I think you'd find this level of complexity all the way back; if you look
for example at telegraphy - beyond Morse, the codes used were incredibly
complicated. For that matter even silver photography had it complexities;
it's almost as if complexity rises to any occasion... (try sliderule or
abacus!)

- Alan

On Sat, Apr 7, 2018 at 12:06 PM, Anthony Stephenson via NetBehaviour <
netbehaviour@lists.netbehaviour.org> wrote:

>
>
>> What fascinates me is the complexity of the techniques used in
>> 1973
>
>
>
> Yes – a perspective in time  – an effort at what-can-be-done (at the
> time). Where our representative understanding is built upon (con)currency –
> not only through the limitations of media, but also using the current
> models of thought. Could this apparent flatness give rise to speculations
> based on layered interpretations and perspectival distortions? (On this
> last point, I’ve often wondered whether our relatively dense position in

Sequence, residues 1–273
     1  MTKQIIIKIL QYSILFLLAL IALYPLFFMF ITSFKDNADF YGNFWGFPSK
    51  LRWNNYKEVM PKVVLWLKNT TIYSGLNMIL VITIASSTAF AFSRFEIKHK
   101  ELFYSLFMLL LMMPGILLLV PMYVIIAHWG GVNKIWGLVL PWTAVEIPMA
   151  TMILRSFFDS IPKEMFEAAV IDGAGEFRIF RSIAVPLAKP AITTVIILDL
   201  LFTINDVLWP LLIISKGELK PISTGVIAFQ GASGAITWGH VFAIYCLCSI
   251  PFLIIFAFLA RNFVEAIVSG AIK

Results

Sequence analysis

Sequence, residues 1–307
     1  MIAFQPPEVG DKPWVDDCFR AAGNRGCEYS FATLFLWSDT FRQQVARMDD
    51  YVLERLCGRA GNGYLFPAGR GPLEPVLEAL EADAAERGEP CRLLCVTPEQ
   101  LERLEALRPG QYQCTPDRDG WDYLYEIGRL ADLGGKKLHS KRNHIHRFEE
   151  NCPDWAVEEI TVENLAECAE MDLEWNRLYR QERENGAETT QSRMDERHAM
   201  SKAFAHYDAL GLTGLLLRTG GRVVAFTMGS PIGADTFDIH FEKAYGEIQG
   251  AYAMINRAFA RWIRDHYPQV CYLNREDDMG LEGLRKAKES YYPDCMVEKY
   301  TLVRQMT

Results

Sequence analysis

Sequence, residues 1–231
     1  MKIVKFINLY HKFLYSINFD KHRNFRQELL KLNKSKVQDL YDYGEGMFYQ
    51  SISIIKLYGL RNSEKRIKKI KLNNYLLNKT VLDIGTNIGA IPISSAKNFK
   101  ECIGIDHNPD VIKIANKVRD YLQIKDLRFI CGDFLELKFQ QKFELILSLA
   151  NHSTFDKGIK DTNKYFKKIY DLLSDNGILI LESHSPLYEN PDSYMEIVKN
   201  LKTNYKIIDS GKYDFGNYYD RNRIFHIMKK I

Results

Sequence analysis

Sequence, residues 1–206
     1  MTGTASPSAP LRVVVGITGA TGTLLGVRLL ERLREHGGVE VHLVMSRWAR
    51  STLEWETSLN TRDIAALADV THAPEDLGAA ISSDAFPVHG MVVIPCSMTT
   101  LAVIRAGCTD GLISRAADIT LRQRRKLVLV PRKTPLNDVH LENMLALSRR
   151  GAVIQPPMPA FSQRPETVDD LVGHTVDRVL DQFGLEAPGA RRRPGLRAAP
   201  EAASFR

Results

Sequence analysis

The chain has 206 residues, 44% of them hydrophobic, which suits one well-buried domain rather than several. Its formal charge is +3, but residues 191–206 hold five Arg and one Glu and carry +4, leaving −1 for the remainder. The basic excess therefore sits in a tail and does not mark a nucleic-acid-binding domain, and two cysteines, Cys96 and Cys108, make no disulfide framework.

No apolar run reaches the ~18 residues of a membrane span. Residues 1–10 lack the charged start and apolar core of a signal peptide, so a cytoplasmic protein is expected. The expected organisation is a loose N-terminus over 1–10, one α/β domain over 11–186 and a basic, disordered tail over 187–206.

> all of the nothingness has led to an interpretation of an expanding
> universe – but then again, there are smart people working on these ideas.)
> Even the idea of a holographic universe was developed from/against a wrong
> assumption about black holes (Hawking failing to observe that matter is
> spun out in jets from the poles) and that existence and its representations
> are enduring – that (imagistic?) representation is lost beyond the event
> horizon being mathematically proven to be not entirely true.
>
> “Time crystals” have recently been an item in science news in that they
> look like the way that memory can be stored with quantum computers. I was
> also interested to find Deleuze talking about “the crystals of time” in his
> "Cinema 2 - The Time Image" and how they compare to the use of blockchain:
> “The crystal-image thus receives the principle which is its foundation:
> endlessly relaunching exchange which is dissymmetrical, unequal and without
> equivalence, giving image for money, giving time for images, converting
> time, the transparent side, and money, the opaque side, like a spinning top
> on its end.”
>
>
> --
>
> - *Anthony Stephenson*
>
> *http://anthonystephenson.org/* <http://anthonystephenson.org/>
>
>
>
>
> _______________________________________________
> NetBehaviour mailing list
> NetBehaviour@lists.netbehaviour.org
> https://lists.netbehaviour.org/mailman/listinfo/netbehaviour
>
>


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